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When really love is something tiny. Daily story · 28 March, 2013
  • In a pub, in a sad Kentish town on the brim of winter

    I’m looking at lists of poems for funerals

    And it’s just like my wedding all over

    Great feverish feelings

    Like unwelcome relatives

    When really love is something tiny, and held in the palm

    In a one star constellation.

    None of them know about you. And neither do I.

    I used to listen to Nina Simone in the car on my way to see you

    Because I was 21 and still dreaming of love half-heartedly

    And don’t tell but I would be doing 100 mph in a Fiat full of crystals

    In the prison of youth. That you could not enter,

    Like the river that goes by the rock in a whirl of bands and clothes and exams.

    And I barely remember my childhood, which was short and angry. But you once,

    full of winter bones, picked up a pair of chips

    and put them up your nostrils, and clowned like a beacon of light,

    and made me laugh for ten years.

    When you were finally old

    you lived in a room full of cat pictures

    - you loved cats. And my mother, who never quits and never weeps without apologising,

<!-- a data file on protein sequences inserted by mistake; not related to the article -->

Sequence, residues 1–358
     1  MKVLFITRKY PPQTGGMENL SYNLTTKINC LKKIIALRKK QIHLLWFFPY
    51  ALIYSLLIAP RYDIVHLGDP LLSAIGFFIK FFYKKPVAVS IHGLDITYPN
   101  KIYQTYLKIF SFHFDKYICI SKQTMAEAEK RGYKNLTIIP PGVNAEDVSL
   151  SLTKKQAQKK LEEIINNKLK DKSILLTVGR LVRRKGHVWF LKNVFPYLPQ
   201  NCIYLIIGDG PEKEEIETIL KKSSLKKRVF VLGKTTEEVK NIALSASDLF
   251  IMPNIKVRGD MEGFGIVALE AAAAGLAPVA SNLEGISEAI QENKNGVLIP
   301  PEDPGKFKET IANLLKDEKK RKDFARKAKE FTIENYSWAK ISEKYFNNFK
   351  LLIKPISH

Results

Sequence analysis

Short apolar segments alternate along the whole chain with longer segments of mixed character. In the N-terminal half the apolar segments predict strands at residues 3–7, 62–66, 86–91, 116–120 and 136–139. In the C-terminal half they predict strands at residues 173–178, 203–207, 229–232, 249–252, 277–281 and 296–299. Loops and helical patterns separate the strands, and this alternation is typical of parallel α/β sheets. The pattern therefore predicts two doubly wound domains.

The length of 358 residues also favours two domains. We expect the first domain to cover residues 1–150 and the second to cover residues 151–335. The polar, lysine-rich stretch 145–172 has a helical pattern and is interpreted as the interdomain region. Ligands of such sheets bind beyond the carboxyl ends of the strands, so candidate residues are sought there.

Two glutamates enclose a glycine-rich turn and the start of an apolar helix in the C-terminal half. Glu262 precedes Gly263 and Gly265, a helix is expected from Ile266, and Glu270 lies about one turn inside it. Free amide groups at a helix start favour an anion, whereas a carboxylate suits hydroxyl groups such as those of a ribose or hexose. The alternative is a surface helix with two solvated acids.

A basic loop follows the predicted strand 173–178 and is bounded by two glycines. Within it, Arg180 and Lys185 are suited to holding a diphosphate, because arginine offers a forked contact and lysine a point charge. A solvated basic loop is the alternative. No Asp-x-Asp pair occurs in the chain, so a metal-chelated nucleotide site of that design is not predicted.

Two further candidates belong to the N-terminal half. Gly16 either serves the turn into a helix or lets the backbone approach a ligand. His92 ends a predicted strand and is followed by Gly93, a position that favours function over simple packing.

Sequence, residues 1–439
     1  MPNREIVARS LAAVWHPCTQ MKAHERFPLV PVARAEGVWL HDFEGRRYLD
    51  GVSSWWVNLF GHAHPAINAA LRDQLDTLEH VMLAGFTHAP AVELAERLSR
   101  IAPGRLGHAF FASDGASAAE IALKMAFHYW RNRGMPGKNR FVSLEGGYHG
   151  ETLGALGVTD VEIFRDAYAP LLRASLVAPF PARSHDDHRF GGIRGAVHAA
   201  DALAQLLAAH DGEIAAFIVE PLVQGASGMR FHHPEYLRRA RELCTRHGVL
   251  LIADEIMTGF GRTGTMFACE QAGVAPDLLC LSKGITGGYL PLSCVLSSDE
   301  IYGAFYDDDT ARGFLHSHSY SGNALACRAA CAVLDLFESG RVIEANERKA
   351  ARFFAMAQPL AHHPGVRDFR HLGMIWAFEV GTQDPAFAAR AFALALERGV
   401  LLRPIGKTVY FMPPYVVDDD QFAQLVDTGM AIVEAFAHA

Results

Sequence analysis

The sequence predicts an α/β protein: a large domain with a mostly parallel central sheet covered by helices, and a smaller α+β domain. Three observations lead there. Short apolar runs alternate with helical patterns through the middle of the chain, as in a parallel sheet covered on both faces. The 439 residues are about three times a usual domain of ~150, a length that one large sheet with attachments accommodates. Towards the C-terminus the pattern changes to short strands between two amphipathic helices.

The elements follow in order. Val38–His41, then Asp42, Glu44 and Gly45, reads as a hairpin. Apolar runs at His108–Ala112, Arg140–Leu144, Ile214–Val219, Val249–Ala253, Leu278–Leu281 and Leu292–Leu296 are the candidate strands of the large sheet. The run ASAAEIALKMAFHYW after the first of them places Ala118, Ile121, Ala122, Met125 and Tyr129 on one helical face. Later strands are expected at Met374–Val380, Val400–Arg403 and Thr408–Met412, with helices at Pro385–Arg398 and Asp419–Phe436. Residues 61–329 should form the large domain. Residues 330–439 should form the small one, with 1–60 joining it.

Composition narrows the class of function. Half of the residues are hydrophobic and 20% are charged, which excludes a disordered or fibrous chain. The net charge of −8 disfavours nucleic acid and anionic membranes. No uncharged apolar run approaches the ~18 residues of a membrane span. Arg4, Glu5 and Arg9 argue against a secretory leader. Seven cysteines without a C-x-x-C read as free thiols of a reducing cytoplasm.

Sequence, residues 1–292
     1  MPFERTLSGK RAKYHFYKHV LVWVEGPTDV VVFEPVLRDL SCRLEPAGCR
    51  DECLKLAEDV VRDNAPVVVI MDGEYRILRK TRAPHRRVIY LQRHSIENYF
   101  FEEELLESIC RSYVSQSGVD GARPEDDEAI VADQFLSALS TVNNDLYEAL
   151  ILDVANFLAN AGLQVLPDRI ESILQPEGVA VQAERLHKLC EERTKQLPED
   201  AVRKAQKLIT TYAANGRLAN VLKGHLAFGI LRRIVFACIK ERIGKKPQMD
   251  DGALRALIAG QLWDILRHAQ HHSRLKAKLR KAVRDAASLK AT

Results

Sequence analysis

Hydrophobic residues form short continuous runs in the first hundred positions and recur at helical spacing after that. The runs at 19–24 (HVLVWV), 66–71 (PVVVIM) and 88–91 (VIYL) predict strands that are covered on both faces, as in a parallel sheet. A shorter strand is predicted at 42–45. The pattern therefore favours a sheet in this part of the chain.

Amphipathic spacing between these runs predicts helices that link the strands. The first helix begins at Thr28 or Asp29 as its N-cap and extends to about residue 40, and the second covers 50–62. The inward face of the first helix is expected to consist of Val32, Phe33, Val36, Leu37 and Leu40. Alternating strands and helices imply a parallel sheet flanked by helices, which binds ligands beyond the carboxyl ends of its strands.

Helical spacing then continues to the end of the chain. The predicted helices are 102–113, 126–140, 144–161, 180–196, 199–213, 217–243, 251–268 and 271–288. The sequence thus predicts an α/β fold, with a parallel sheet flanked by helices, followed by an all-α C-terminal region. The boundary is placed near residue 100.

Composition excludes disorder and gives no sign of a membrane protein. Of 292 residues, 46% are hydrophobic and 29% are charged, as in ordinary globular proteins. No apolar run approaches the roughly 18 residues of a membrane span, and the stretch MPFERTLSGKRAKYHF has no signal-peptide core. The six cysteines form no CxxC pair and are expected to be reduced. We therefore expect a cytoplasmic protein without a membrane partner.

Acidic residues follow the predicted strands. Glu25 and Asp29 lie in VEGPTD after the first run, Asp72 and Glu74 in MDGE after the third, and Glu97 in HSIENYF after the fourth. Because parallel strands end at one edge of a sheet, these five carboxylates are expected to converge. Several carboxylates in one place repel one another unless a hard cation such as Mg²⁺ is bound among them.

filled your shrinking life to bursting with cat calendars, cat clocks, cuddly cats, paint-by-number cats, velour cats and plastic cats and totem spirit cats, cat gods and cat goddesses and cat angels and cat friends

    all watching us with their neon plastic eyes like the ancestors –

    no wonder, you thought I was a spy. And so you’d ask me in order:

    How’s your mum?

    How’s your nanna?

    And why are you watching me?

    I visited you like a selfish wind. Like a catholic still hoping for redemption, in the weight of a wheelchair uphill.

    So when you died I heard the news in my campervan outside a corner shop in Brighton on a road where I’d been to some parties, and after I finished crying I went to buy milk, which is what your skin reminded me of so that I wanted to pour it in the oil of the road and stand in it barefoot. That morning, Michael had been in the hospital to start work on getting better, and so your death left us like spiders in a web spun between beams, ears cold, faces wet. And what I have from you now is two pairs of tiny scissors, and so when I sew I sew for you, wherever you are.
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